Weirdly, standing in line for over 2 hours really didn’t faze me. Neither did waiting for Kendrick to come on for another 2 hours once we got inside. If there was one thing that did, it was seeing an arrest not 20 feet away from me as an undercover cop attempted to tackle some fleeing bro. A real cop car then showed up and stopped in the middle of the intersection so he could leap out and cuff the poor guy. I felt bad, the guy was probably just out there trying to function. It looked like all he did was have a little weed and got scared so he ran away. But I knew what I was about to see and even while poor dudes were being arrested, I knew I had to stay focused on the task at hand.
I did get a bit annoyed when some sort of local rap conglomerate called “Intra Scope Squad” or something dumb like that were allowed to come out and play a couple songs. I mean, I was fine with the DJ that played first. In fact I was more than fine, he played “Mercy” for gods sake! And to top it all off, he threw down “Clique,” “N***** In Paris,” “Peso,” and just about every popular rap song in the game right now. So that got me pretty hyped. It’s just those goddamn Intra Scope guys kind of killed the vibe if you know what I mean.
But then DJ Ali came out with the same Afro he rocked at Pitchfork and I knew it was time for the real show. Kendrick walked onto stage soon after, wearing a blue LA hat and he immediately went into some track off of Overly Dedicated. I got a little scared actually, because I really wanted to know every track he played and I didn’t recognize that first one. Thankfully, the next track was “Hol’ Up” and I instantly remembered Pitchfork and his eerily similar opening track there. From there on out I slowly reminisced about this summer and all the shows I had seen. I remember vividly looking up at the top of Sunshine for the first time and seeing what the ceiling actually looked like (kind of tan with a lot of cracks). I know, I can’t believe I was distracted from Kendrick either, but just seeing him play “Hol’ Up” and “P & P 1.5” really made me realize how great this year had been.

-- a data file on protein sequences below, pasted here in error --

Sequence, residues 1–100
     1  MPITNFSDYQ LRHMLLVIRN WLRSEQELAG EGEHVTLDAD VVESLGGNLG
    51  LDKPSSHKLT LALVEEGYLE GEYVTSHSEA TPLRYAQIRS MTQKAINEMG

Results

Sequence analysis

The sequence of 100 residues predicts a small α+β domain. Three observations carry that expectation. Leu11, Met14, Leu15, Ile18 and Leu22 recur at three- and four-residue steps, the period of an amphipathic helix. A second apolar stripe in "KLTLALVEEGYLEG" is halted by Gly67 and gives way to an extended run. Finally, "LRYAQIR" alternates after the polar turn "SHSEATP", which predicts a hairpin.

During this whole time, my brother was separated from the group because he had to roll in late because of a band concert. I really, really wanted to experience this show with him, so I was a bit worried that as Kendrick started, Patch still wasn’t with us. But then for “ADHD”, he arrived and it just made me so happy to see him here. I was really worried he wasn’t going to make it and I would have felt so bad for him if he hadn’t been there that night. Yet there he was and I was able to join in with him to the yelling of “8 doobies to the face, fuck dat” probably the most famous line Kendrick is known for.